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Cover of Gwen Florio's book, "Disgraced.''

What do we talk about when we talk about honor and disgrace? Are these concrete, black-and-white ideas that reflect a general agreement throughout society, or are they malleable, changing ideas, open to interpretation and discussion? Can one person's honor be another person's disgrace? These are intricate and complex questions that one does not expect to contemplate while reading a direct-to-paperback mystery novel, but Gwen Florio's latest, “Disgraced,” brings these questions to the forefront, and more.

An established author and journalist in Missoula, Florio's name has been tossed about due to many topics. She is, perhaps, most well known in Missoula for her journalistic work in the Missoulian, often reporting on contentious issues that raise a significant number of hackles around town. Multiple regional bookstores that are hosting her readings have received letters threatening protests against her mere appearance. But Florio does not seem to have cowered under the public gaze. She has, instead, continued to tackle these major issues in her fiction as well as nonfiction works.

“Disgraced,” Florio's third novel, continues the story of Lola Wicks, a small-town journalist working in the fictional town of Magpie, Montana. Lola, also the lead character in Florio's earlier novels, “Montana” and “Dakota,” is a workaholic who is forced into taking a furlough from writing due to her paper's budget cuts.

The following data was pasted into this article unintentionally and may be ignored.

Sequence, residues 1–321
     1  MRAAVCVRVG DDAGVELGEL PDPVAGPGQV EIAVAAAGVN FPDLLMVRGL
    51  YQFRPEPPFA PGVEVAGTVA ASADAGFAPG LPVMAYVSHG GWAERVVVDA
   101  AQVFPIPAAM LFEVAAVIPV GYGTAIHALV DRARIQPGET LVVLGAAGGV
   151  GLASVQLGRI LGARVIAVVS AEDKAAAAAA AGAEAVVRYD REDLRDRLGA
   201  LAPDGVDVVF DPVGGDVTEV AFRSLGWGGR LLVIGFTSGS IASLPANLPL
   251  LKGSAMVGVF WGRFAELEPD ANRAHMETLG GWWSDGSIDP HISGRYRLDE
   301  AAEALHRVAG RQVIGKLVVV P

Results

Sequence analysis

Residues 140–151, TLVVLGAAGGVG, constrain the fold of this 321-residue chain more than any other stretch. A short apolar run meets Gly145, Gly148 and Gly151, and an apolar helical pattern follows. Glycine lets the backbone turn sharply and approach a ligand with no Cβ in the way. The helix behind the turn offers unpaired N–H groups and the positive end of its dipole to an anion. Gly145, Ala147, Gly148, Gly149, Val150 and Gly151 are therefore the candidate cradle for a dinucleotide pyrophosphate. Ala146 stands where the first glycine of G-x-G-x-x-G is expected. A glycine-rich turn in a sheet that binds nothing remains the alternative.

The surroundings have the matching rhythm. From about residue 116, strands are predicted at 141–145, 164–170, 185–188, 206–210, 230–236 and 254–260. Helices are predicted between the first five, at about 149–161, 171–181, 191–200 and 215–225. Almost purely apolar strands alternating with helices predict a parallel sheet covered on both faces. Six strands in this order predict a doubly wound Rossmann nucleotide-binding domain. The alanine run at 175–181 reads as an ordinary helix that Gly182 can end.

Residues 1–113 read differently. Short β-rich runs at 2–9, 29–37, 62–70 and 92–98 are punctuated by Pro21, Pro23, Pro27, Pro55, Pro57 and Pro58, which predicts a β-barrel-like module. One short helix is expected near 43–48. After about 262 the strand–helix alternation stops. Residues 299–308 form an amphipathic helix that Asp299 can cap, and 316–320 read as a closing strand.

We meet up with Lola and her precocious daughter, Maggie, en route to a Wyoming vacation where they are detoured to greet a friend of a friend who is coming home from a tour in Afghanistan. Lola soon gets involved in a story when one homecoming soldier commits suicide at the reception, two others beat a man to the edge of his life, and the female soldier she was asked to meet is drowning some kind of secret from the war in alcohol and silence.

All of these incidents combine to show that the company returning to Casper is not suffering from typical post-traumatic stress disorder. These soldiers have experienced something more than the expected atrocities of war, and being the veteran workaholic journalist she is, Lola sets herself on a course to find out the truth. In do so, she places herself, her daughter, and anyone who helps her in the path of serious, life threatening danger.

Sometimes, it is the adrenaline and the action that carries us through a good mystery novel. “Disgraced” certainly is not lacking in this aspect, although I easily anticipated some of the twists and turns throughout the story. Florio definitely creates strong tension, an uncertainty of characters, and of how events may, or may not have, actually unfolded. Yet, it is the issues and ideas that she explores that got me invested in this novel. One should note that “Disgraced” does not read as an espousal of complex thoughts and ideas. It is a story, a mystery, and an entertaining read, at that. Within the story, lies the meat of it all. Florio does not beg you to think about the issues she brings to the table, but simply presents them, realistically and somewhat subtly, asking the reader to please consider serious issues both within the story and without.

“Disgraced” fits nicely among her previous novels while also working well independently. With three novels now under her belt, Florio has begun to carve a niche for herself within the mystery genre. “Disgraced” does not disappoint, and we can only hope that she continues to write and build upon the fairly solid foundation she now has under her feet.


Mara Panich-Crouch is a bookseller at Fact and Fiction Books in Missoula. She received her bachelor's in English literature and creative writing from Purdue University and found her home in Missoula in 2002 while pursuing post-graduate studies at the University of Montana. She loves giving (and receiving) book recommendations of all genres. She is an avid painter, thrift-shopper and adventurer.

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